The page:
Coffee CupSeeing as I’m currently so busy implementing datepickers and such at work at the moment, here’s a nifty little bit jQuery/Javascript code that I whipped up to work out the last day of a month:

var time=new Date();
var dd = new Date(time.getFullYear (), time.getMonth(), 32);
var dd2 = new Date(time.getFullYear (), time.getMonth() + 1, 1);
//Set 1 day in milliseconds
var one_day=1000*60*60*24;
var monthend = new Date(time.getFullYear (),time.getMonth(),(32 – ((Math.ceil((dd.getTime()-dd2.getTime())/(one_day))) + 1)));

The trick lies in Javascript’s Date construct automatically handling date overflows by simply returning the correct date after automatically shifting the invalid inputted date onwards as necessary.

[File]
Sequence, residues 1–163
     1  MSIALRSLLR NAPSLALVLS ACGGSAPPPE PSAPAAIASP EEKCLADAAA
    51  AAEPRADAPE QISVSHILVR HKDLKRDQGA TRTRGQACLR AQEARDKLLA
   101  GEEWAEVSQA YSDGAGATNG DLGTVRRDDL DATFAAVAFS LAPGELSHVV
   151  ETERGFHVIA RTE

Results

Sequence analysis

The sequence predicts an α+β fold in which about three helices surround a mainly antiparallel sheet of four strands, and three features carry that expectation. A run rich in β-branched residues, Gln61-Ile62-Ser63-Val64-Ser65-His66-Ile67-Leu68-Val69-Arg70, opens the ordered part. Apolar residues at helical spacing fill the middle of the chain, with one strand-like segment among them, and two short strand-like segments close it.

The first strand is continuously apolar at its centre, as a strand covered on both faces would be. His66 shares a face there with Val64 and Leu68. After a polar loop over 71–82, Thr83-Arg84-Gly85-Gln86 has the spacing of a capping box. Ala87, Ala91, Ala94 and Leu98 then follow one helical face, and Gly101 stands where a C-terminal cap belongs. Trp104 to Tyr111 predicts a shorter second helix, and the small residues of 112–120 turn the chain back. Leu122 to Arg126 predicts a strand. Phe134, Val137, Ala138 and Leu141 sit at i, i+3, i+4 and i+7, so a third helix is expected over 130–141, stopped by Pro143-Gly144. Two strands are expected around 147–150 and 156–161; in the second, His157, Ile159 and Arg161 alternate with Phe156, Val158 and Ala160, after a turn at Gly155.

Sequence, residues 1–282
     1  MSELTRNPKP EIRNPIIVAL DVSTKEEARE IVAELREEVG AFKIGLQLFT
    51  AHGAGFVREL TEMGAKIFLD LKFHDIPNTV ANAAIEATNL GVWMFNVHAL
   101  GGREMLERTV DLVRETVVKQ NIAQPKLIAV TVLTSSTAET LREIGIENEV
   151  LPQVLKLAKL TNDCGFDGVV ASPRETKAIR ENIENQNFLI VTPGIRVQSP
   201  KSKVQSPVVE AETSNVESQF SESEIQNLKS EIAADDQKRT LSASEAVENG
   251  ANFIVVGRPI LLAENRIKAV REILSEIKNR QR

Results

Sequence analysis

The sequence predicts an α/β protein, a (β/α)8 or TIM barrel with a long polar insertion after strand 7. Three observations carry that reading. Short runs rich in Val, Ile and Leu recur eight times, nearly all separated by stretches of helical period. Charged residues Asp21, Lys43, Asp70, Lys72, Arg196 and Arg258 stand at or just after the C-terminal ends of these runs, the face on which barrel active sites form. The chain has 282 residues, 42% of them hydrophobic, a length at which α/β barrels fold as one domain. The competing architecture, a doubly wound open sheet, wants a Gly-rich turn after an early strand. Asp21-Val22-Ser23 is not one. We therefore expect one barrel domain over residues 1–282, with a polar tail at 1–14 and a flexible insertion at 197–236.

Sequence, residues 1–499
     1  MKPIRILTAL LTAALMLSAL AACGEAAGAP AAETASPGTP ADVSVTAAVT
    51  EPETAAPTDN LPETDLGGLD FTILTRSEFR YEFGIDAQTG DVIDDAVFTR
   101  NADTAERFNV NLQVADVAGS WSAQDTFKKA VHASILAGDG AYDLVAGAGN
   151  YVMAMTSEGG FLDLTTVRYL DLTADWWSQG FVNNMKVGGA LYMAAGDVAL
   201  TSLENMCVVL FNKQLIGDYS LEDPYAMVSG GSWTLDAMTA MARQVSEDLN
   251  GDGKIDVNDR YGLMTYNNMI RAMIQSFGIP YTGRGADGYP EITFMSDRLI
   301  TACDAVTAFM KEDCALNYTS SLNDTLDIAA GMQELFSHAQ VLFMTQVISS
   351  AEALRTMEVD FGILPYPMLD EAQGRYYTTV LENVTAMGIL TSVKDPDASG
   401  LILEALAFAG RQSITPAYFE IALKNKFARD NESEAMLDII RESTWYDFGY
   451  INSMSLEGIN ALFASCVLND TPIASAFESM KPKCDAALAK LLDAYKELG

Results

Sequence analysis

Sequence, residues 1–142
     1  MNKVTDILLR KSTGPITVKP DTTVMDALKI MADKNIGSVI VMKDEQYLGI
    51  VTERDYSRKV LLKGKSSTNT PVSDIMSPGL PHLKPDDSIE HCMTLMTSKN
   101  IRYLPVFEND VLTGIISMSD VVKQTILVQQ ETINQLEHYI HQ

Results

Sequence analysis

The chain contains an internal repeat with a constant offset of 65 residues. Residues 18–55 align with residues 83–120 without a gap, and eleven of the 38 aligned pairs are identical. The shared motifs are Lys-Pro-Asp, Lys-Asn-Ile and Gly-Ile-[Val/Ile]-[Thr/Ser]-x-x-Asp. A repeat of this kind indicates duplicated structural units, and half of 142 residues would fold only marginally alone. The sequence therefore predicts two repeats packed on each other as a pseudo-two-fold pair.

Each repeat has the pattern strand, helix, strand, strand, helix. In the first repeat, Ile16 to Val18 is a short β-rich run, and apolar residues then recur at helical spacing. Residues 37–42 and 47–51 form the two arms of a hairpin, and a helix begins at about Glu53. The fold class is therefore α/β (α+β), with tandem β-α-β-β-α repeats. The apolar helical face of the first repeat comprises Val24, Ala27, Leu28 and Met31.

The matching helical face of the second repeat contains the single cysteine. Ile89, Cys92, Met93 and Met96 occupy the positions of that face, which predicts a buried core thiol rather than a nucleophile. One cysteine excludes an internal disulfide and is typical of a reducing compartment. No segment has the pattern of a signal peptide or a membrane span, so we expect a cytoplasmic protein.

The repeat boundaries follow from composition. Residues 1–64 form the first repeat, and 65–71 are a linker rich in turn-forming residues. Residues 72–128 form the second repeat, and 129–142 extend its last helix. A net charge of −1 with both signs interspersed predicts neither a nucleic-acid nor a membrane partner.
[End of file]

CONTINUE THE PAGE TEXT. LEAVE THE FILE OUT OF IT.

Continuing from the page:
This example works out the number of days in the current month, so to start off we create a Date variable and pass to it the current year, the current month and then an invalid value of 32 as the day part.

This then returns a valid date that has been shifted into the new month, meaning that should we be testing February, the date returned would in fact be 4 March 2009. We then create a second date variable for the first day of the next month against which we are testing, meaning that we would be creating a date that is equal to the 1 March 2009. Then a simple subtraction between the two dates (using the Date.getTime functionality to return a usable integer-based value for the two dates) and a division to force it back into a day count will provide us with the number of days we need to subtract from 32, giving us in return the exact last day of the current month that we were checking for.

Nifty, eh?